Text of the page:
Safety Information

metaformin safety

Metformin is FDA-approved to help adults with type 2 diabetes manage blood sugar levels when combined with diet and exercise. While not FDA-approved for weight loss, many leading obesity specialists and weight clinics prescribe it off-label. They believe it can aid weight loss by regulating insulin response, curbing cravings, reducing glucose production, and limiting fat storage. It works by lowering liver sugar production and enhancing muscle cell sensitivity to insulin. This dual effect improves glucose utilization and reduces insulin resistance, leading to better blood sugar control.

As with any medication, it’s important to be aware of the potential risks and benefits associated with Metformin and to use it under the guidance of a qualified healthcare provider. Regular monitoring and communication with your healthcare provider can help ensure the safe and effective use of compounded medications in your treatment regimen.

What is Metformin Used For?

Metformin is primarily used for the management of type 2 diabetes mellitus. It helps control blood sugar levels by decreasing the amount of glucose produced by the liver and enhancing insulin sensitivity in muscle cells, thereby improving the body’s response to insulin. Metformin is typically prescribed alongside dietary modifications and exercise to achieve better glycemic control in individuals with type 2 diabetes.

Warning: Risk of Lactic Acidosis

Metformin carries a warning regarding the potential risk of lactic acidosis, a rare but serious metabolic complication characterized by the buildup of lactic acid in the bloodstream. Lactic acidosis can occur due to metformin accumulation in the body, particularly in individuals with impaired kidney function or other predisposing factors such as severe infection or dehydration.

Patients should be monitored for signs and symptoms of lactic acidosis, including muscle pain or cramps, weakness, difficulty breathing, abdominal discomfort, nausea, vomiting, diarrhea, and unusual fatigue. If any of these symptoms occur, patients should seek immediate medical attention.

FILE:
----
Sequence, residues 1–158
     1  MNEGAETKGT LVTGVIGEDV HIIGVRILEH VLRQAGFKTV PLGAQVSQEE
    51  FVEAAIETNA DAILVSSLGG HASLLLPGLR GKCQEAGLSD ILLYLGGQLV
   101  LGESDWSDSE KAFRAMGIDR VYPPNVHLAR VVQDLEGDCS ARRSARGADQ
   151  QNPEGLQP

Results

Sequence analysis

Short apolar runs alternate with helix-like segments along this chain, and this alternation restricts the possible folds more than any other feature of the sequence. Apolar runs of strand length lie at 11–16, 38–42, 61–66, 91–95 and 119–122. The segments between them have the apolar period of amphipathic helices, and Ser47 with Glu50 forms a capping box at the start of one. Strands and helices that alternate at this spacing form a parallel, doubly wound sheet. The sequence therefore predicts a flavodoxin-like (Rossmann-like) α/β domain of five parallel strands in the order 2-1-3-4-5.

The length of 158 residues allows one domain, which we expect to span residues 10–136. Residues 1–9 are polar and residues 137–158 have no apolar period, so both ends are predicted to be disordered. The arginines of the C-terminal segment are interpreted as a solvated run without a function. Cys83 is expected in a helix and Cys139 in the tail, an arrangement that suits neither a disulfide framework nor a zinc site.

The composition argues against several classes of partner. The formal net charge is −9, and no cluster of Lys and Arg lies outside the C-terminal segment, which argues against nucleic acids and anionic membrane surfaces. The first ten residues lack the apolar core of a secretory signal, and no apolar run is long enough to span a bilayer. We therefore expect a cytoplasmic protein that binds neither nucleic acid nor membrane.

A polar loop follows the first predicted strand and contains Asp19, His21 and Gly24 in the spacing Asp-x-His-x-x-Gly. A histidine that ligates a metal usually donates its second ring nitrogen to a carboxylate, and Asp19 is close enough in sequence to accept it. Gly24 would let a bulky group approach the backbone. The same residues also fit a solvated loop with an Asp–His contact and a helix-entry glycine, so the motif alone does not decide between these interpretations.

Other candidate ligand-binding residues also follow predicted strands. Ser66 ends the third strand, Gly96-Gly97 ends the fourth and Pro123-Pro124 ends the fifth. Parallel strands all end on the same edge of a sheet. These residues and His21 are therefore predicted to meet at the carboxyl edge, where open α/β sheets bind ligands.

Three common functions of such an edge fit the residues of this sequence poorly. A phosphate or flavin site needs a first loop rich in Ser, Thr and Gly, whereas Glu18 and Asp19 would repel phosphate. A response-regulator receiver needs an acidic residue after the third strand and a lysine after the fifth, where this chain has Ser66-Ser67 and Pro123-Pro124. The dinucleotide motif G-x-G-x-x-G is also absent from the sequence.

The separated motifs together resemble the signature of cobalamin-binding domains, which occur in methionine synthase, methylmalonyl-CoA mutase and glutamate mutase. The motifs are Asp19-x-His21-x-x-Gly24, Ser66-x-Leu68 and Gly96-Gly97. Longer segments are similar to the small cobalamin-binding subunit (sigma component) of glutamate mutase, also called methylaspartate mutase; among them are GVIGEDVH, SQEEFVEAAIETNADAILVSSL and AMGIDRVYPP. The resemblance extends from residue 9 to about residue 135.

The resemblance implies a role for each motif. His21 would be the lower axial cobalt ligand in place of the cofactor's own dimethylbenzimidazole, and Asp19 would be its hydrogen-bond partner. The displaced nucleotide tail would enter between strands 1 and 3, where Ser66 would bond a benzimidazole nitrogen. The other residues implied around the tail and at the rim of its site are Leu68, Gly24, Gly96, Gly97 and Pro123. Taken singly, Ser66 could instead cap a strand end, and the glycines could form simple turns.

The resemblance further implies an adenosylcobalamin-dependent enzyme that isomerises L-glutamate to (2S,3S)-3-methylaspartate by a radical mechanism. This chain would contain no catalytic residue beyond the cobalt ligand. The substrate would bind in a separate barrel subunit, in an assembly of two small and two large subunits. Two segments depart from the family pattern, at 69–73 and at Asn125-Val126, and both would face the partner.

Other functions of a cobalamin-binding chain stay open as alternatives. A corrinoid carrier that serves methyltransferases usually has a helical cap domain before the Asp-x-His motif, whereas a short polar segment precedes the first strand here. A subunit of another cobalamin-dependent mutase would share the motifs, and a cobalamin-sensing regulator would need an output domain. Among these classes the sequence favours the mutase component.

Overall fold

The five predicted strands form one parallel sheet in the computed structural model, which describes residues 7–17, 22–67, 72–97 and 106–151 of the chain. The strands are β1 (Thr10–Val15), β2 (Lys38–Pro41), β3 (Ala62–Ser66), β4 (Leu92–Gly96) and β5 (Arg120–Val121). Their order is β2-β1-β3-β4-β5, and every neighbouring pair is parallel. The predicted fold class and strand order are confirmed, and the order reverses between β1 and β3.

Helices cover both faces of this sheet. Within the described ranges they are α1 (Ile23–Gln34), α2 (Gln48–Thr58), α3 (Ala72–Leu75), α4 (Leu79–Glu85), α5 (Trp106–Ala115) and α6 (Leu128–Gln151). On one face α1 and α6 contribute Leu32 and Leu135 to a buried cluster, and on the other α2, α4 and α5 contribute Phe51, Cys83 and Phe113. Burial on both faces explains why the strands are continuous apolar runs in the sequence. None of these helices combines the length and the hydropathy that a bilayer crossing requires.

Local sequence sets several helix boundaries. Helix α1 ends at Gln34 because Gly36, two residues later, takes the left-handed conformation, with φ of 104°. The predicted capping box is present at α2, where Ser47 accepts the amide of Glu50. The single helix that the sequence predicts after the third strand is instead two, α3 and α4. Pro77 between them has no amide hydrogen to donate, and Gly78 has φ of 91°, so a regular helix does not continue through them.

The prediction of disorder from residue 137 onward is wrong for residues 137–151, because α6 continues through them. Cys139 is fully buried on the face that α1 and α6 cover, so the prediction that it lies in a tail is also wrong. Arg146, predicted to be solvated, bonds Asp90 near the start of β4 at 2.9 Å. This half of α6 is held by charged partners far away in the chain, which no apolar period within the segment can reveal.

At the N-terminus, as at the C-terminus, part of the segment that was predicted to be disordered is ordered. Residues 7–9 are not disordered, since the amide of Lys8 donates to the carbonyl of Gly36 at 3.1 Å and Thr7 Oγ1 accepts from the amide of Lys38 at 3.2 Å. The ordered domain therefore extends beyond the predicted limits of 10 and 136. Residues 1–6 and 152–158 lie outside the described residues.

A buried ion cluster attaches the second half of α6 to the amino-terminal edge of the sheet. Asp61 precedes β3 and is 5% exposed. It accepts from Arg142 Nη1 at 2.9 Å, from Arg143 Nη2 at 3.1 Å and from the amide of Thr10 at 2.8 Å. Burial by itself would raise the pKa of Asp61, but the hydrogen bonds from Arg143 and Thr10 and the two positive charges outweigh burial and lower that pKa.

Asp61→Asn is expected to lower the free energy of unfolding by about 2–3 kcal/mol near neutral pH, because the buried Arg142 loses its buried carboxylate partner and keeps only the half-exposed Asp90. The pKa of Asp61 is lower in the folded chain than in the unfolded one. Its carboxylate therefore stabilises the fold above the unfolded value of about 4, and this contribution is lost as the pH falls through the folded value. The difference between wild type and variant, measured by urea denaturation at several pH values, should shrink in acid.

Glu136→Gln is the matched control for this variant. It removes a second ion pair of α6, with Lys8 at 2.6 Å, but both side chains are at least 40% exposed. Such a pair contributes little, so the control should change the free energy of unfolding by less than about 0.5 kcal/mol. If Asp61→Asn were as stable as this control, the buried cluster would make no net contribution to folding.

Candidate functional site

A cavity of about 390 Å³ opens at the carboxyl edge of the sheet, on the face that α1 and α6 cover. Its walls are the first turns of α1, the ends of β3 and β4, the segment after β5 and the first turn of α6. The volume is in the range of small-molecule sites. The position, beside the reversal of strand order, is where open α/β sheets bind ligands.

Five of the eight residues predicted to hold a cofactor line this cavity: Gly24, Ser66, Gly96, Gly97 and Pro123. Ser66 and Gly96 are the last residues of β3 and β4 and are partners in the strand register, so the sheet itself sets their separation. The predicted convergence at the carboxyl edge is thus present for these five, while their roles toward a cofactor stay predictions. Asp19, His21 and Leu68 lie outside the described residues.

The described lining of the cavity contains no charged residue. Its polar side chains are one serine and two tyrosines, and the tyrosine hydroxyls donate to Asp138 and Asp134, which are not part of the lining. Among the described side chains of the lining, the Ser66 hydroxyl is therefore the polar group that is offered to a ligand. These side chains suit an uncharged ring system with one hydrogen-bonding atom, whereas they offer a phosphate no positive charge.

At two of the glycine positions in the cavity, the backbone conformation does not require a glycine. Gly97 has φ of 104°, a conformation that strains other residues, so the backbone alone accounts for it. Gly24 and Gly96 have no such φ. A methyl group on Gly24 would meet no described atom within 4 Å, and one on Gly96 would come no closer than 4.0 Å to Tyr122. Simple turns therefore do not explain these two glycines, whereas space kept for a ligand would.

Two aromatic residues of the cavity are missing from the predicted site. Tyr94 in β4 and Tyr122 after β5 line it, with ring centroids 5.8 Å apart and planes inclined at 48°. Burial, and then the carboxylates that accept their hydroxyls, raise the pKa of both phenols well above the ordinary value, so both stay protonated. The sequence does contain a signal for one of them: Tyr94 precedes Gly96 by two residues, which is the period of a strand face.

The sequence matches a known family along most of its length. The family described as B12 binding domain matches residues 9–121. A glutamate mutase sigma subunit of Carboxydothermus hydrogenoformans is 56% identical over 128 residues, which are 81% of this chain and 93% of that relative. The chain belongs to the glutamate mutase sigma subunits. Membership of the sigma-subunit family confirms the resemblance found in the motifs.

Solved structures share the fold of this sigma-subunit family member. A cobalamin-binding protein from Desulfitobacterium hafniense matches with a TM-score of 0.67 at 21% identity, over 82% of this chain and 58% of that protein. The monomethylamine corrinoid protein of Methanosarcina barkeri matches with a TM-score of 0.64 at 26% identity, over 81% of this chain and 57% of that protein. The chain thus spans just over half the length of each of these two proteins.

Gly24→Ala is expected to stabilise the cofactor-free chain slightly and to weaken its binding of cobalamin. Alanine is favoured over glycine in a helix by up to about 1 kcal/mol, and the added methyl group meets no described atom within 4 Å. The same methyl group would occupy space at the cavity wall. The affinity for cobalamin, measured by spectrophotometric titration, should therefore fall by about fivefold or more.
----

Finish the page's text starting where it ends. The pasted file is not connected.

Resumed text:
Who Should Not Take Metformin?

Metformin should not be taken by individuals with certain medical conditions or circumstances. Here’s a breakdown of who should not take metformin:

Individuals with severe kidney impairment:

Metformin is primarily eliminated from the body via the kidneys, so it should not be used in individuals with significantly reduced kidney function (eGFR less than 30 mL/min/1.73m²).

Those with a history of lactic acidosis:

Metformin should be avoided in individuals who have experienced lactic acidosis in the past, as it may increase the risk of recurrence.

Patients with acute or chronic metabolic acidosis:

Metformin should not be used in individuals with conditions that can lead to metabolic acidosis, as it may exacerbate this condition.

Individuals with severe liver disease:

Metformin should be used with caution or avoided in individuals with severe liver impairment, as it may exacerbate liver function abnormalities.

Pregnant or breastfeeding women:

The safety of metformin use during pregnancy and lactation is not well-established, and it should only be used if clearly needed and under the guidance of a healthcare provider.

How Should Metformin be Administered?

  • Follow the prescribed dosage instructions provided by the healthcare provider, which may vary based on individual factors such as age, medical condition, and kidney function.
  • Take metformin with meals to minimize gastrointestinal side effects. It can be taken with breakfast, lunch, and dinner or as directed by the healthcare provider.